Today I met a man while visiting the Kino Border Initiative’s Comedor in Nogales, Mexico. The Comedor is a place where migrants who have been deported back to Mexico can go to get a couple of hot meals twice a day, as well as any other help and assistance that they may need. It’s a place of refuge for those who have no where else to turn after they’ve lost everything, and it’s filled with volunteers who care greatly about each individual and do their best to make them feel important. The inside of the Comedor is covered with posters that all start with “Tengo derecho a…”, stating the rights that everyone in that room deserves to have. The people who work at KBI do everything they can to make sure those who were deported understand they have these rights, and help them share their stories of the trials they’ve faced resulting in them being back in Mexico.
Today I had a conversation with someone who kindly pulled me off to the side away from another conversation I was listening to. The first thing he said to me wasn’t to ask my name, or to ask how I was doing. Instead, the first thing he did was shake my hand, look me in the eyes, and ask: “Are you a Christian?” I was somewhat caught off guard by this question, not expecting this to be the beginning of our conversation. I hesitated for a moment in answering him: I haven’t been a practicing Catholic since I was in middle school, and even then I never really considered myself a devout Christian. But given the fact that this was the very first thing this man asked me, I knew he must care deeply about his faith, and was looking for someone to discuss the matter.
Today I lied to man about my faith and answered him with a smile: “Yes, I am a Christian.” He immediately began to confide in me, and we dove into conversation for the next several minutes. His name was Francisco, and he had been in Nogales for the past 2 weeks. He was separated from his wife Roxanne, who was stilling living in the United States, about 3 months ago after he was detained and deported back to Mexico. His son, Daniel, is currently living with his sister in a city 8 hours away from Nogales, and hasn’t seen him in awhile either; he missed his 7th birthday in the middle of April, and wished that he could have been there to see him. His son will be taken to his wife later in the month, since he has all of his legal documents, as does everyone else in his family but him.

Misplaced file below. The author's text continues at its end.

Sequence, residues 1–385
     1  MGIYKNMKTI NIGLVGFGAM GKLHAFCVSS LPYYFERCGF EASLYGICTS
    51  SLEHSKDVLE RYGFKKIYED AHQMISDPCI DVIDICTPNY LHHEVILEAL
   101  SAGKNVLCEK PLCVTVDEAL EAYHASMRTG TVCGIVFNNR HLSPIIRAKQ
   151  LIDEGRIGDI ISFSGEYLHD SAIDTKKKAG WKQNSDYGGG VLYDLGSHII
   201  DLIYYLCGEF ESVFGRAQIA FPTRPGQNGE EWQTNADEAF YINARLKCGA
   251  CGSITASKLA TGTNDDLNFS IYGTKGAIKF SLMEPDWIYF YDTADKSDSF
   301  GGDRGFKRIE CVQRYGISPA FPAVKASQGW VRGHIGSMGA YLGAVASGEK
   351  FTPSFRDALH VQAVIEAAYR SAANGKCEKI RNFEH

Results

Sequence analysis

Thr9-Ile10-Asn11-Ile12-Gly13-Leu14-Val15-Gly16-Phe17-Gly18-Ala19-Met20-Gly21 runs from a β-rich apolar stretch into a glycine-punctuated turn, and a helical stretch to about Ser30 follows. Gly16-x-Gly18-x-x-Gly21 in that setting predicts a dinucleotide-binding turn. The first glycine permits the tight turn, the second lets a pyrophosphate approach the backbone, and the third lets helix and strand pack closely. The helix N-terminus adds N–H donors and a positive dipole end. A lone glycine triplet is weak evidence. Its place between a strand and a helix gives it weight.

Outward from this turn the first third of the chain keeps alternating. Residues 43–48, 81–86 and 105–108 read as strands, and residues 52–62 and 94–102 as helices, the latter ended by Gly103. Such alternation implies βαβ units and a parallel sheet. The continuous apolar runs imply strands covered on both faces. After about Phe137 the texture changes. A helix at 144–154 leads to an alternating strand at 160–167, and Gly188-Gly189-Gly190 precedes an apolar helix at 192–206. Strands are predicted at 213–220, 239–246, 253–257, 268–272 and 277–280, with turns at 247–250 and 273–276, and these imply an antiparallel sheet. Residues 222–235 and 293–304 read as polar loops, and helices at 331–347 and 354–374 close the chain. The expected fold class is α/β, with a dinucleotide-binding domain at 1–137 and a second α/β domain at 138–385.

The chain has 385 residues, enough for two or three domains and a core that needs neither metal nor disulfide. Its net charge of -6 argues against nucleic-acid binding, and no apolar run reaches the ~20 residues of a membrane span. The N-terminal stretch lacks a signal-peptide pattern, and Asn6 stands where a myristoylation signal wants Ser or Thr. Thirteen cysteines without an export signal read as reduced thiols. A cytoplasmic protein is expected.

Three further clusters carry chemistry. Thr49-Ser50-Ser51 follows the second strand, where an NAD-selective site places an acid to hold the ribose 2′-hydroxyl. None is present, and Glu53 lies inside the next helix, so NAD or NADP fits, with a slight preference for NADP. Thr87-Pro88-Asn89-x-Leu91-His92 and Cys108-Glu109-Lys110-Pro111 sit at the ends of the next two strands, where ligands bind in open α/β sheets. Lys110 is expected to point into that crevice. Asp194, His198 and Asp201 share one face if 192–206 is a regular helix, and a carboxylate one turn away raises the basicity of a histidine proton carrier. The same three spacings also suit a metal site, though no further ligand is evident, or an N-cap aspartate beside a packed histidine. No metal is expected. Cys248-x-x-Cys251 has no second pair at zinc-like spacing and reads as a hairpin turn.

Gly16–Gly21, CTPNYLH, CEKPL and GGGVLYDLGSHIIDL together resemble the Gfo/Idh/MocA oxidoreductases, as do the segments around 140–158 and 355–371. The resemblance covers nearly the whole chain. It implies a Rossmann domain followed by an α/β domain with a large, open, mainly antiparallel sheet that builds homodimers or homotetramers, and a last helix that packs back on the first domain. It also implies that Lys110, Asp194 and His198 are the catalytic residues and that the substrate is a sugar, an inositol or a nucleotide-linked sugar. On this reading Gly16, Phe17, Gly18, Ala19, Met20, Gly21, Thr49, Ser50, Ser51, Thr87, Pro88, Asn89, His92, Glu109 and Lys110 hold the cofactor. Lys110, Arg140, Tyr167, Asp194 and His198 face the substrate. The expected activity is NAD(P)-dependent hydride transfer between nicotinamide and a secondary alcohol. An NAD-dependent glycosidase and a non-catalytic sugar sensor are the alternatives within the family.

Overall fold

Today I saw the personification of determination in Francisco. Despite everything that has happened to him, he kept assuring me that he would see his wife and son again. “I know I’ll get my paperwork soon, and I can see my family again. I know it’s possible with God.” He asked me to pray for him and his family, and to keep them all in my thoughts. He also told me to pray for everything else in this similar situation. “I’m not the only one going through this; there are so many others that are going through different things, and they all have their own story.” And he was right: just earlier in the Comedor we heard stories of other migrants who were just recently deported and what had happened to them. Some tried to hitch rides on a train but fell off, almost dying. Some tried to walk through the desert, only to be detained after the grueling journey defeated them with dehydration and exhaustion. All different people with different stories and different backgrounds.
Today I heard but one example out of hundreds of thousands of stories about the hardships migrants face when it comes to finding a better life. I saw how much his faith mattered to him that he would ask me, someone he believed to be a Christian, to pray for not just him, but for all other migrants facing the many different facets of injustice. I admired his devotion to his religion, that he can have so much faith in God and still be so optimistic to see his family again, and ask of others to have faith in his mission as well.
Today I prayed for a man after years of not practicing any religion, in genuine hope that he will see his family again.
Today I met one man out of so many others who just want to reach a better life across the border.
Today I met a human being.